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Sophie Cameron

Features and Opinion Editor, Solicitors Journal

Government publishes first artificial intelligence white paper

Government publishes first artificial intelligence white paper


The white paper sets out the new approach to regulating artificial intelligence

The Department for Science, Innovation and Technology published the UK’s first white paper on artificial intelligence (AI) on 29 March, which sets out the new approach to regulating AI in order to build trust in cutting-edge technologies and encourage businesses to innovate.

Alongside the publication of the white paper, the government has also launched a consultation on the AI regulation proposals included in the white paper and the related AI regulation impact assessments. The consultation welcomes responses until 21 June 2023.

According to the government’s press release, the white paper provides a new national blueprint for regulators to drive responsible innovation and maintain public trust in AI. The proposals included in the white paper aim to address concerns, such as questions about privacy and human rights aspects, and help create the right environment for AI to develop safely in the UK.

The white paper explains that industry has expressed concern that regulatory incoherence and misalignment in the approach to AI could stifle innovation and competition by causing a disproportionate number of smaller businesses to leave the market. As such, regulatory coordination is seen as essential in order to support businesses to invest in AI innovation and build public trust by ensuring the risks are effectively addressed.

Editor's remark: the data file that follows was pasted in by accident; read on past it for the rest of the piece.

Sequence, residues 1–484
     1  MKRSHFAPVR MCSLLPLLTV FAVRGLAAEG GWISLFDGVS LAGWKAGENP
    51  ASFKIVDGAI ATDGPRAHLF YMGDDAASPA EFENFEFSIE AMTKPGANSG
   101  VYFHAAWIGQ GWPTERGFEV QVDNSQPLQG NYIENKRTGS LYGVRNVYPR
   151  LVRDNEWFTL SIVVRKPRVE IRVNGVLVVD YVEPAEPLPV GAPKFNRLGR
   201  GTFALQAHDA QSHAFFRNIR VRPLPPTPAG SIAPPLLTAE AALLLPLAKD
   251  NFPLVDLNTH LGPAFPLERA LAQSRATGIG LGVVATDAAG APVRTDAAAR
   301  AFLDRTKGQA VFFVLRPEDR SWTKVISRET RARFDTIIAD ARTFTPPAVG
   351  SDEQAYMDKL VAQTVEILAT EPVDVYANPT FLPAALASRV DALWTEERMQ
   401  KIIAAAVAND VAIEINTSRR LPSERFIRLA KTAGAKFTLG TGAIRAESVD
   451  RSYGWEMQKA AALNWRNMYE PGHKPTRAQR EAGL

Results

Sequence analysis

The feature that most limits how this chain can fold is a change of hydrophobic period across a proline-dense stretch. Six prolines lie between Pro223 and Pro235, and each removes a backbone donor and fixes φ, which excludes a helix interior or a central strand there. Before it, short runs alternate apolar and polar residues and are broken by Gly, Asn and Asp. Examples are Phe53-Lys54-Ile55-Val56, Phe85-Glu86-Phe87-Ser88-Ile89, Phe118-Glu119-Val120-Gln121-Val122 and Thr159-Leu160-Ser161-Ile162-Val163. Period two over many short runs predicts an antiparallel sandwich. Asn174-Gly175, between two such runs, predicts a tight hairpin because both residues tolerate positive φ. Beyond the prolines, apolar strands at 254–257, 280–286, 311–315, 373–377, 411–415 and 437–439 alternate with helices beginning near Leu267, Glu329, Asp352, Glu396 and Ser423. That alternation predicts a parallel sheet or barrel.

The UK’s approach to AI will ‘avoid heavy-handed legislation,’ which could hinder innovation and instead adopt a flexible approach that can adapt to changes as the technology develops. Existing regulators, such as the Health and Safety Executive, the Equality and Human Rights Commission and the Competition and Markets Authority, will be required to develop tailored, context-specific approaches suited to the way AI is being applied in the relevant sectors.

The five principles that the relevant regulators are advised to consider to best facilitate the safe and innovative use of AI in the industries they monitor are: safety, security and robustness; transparency and explainability; fairness; accountability and governance; and contestability and redress. The relevant regulators will issue practical guidance to organisations in the next 12 months, as well as other tools and resources, to clarify the specific approach being taken to the five core principles. Legislation may also be introduced to ensure that regulators apply the principles consistently.